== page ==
So we finally made it over to the Groton Public Library and found the above book in the James Streeter History Room. Unfortunately, the identity of the carver of the gravestones in my last three posts is lost to history, but he is referred to as the Norwich Ovoid Carver.
Particularly in the old Norwichtown burying ground, but also in Windham, Groton, Preston, and Coventry, one finds a small number of large rude semicircular stones that are among the earliest carved stones in the area. They are not just the crude initialed carving found in many inland cemeteries. These stones have obviously been shaped and the fronts smoothed. There is no attempt at designs, but the lettering is deeply and boldly cut and has remained legible for over two hundred years, often without appreciable deterioration. The Groton stones are particularly clear, but may well have been recut. There is something appealing in the elemental cleanness and strength of these early stones. They give one the impression of a society determined to remember its founders forever with no nonsense about it.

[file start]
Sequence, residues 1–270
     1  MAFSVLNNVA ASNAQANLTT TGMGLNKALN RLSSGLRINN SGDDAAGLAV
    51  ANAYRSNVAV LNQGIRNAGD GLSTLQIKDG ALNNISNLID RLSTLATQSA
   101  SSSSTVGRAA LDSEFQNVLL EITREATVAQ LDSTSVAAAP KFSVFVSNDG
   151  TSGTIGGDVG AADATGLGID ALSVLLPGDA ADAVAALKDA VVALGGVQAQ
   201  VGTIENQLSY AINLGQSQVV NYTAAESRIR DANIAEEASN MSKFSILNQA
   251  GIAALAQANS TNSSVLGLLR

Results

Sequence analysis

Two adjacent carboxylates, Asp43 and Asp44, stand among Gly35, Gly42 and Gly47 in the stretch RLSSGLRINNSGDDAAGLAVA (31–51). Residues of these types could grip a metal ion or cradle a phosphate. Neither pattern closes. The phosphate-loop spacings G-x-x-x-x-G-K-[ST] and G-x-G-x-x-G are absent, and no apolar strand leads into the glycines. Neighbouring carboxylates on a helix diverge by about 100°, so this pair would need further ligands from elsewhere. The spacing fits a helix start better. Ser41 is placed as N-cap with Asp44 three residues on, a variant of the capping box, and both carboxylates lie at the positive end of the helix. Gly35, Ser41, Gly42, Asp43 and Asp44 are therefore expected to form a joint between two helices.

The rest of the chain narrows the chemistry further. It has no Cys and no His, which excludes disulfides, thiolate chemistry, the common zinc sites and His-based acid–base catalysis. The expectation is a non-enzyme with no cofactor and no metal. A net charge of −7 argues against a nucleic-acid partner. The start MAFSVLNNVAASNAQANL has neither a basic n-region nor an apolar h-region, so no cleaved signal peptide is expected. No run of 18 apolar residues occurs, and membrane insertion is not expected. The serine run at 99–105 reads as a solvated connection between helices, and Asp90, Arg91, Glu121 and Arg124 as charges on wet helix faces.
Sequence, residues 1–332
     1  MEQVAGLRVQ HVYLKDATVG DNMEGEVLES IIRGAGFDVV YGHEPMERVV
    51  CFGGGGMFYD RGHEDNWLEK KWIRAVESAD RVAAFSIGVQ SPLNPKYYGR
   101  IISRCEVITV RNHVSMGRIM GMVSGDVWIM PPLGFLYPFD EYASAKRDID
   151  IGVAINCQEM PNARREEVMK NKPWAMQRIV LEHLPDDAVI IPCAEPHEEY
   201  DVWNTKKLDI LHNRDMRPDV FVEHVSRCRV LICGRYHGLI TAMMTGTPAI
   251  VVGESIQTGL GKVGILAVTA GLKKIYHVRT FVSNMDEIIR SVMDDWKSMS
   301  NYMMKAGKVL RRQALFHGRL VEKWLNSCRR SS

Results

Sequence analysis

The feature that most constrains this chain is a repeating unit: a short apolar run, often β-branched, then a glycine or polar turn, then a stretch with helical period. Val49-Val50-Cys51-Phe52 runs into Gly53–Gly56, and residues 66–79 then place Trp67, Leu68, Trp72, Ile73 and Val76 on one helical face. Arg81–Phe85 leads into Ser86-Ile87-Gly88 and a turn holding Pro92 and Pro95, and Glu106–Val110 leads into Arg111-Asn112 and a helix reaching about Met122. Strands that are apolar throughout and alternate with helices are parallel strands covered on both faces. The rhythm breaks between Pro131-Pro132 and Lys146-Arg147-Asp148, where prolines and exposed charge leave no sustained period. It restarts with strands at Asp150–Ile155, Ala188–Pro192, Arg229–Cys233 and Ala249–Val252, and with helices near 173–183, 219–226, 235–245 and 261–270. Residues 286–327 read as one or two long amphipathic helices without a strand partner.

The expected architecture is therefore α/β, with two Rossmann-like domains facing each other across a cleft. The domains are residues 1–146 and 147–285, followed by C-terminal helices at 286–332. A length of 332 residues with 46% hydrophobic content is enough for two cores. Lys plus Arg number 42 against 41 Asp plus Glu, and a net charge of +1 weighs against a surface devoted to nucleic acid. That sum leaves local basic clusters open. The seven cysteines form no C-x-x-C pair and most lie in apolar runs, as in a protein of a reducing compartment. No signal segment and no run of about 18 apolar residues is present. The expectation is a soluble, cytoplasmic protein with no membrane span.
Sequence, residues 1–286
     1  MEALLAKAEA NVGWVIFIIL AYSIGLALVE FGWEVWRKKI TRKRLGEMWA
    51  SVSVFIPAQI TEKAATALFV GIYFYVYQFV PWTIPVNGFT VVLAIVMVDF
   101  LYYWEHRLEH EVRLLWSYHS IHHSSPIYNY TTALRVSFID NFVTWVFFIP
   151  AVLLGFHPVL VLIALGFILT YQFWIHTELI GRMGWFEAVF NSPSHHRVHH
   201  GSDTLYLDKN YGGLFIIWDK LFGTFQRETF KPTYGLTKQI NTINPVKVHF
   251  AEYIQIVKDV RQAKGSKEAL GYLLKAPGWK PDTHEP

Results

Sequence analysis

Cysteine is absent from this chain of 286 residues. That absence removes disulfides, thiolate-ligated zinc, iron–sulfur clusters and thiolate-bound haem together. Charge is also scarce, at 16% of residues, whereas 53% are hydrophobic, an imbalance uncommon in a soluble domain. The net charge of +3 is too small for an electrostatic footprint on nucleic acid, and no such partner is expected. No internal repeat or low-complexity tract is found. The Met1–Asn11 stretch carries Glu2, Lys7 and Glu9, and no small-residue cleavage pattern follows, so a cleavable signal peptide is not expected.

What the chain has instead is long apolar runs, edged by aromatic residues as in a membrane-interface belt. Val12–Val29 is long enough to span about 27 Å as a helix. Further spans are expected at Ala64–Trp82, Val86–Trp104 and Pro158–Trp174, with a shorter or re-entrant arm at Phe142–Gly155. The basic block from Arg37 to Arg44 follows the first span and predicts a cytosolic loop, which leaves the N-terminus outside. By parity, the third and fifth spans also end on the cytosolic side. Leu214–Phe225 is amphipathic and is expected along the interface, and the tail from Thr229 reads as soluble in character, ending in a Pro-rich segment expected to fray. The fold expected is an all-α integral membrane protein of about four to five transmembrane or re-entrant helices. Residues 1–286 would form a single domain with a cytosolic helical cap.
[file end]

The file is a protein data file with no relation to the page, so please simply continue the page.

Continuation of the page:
~ James A. Slater
(The Colonial Burying Grounds of Eastern Connecticut & The Men Who Made Them)
Besides the four gravestones in Groton, there are thirteen more found in Norwich, three in Preston, two in Windham and one in Coventry.